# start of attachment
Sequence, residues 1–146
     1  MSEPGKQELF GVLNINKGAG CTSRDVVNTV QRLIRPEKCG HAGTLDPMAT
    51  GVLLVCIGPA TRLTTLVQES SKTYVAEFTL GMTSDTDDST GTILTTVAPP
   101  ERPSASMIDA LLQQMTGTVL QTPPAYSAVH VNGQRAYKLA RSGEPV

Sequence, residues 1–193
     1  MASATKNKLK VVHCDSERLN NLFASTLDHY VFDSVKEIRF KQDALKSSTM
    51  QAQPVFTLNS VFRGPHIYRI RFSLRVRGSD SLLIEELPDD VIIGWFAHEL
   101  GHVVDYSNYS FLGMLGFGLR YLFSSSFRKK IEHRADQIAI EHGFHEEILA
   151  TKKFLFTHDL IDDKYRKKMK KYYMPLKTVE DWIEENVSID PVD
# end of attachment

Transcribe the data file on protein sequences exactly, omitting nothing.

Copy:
Sequence, residues 1–146
     1  MSEPGKQELF GVLNINKGAG CTSRDVVNTV QRLIRPEKCG HAGTLDPMAT
    51  GVLLVCIGPA TRLTTLVQES SKTYVAEFTL GMTSDTDDST GTILTTVAPP
   101  ERPSASMIDA LLQQMTGTVL QTPPAYSAVH VNGQRAYKLA RSGEPV

Sequence, residues 1–193
     1  MASATKNKLK VVHCDSERLN NLFASTLDHY VFDSVKEIRF KQDALKSSTM
    51  QAQPVFTLNS VFRGPHIYRI RFSLRVRGSD SLLIEELPDD VIIGWFAHEL
   101  GHVVDYSNYS FLGMLGFGLR YLFSSSFRKK IEHRADQIAI EHGFHEEILA
   151  TKKFLFTHDL IDDKYRKKMK KYYMPLKTVE DWIEENVSID PVD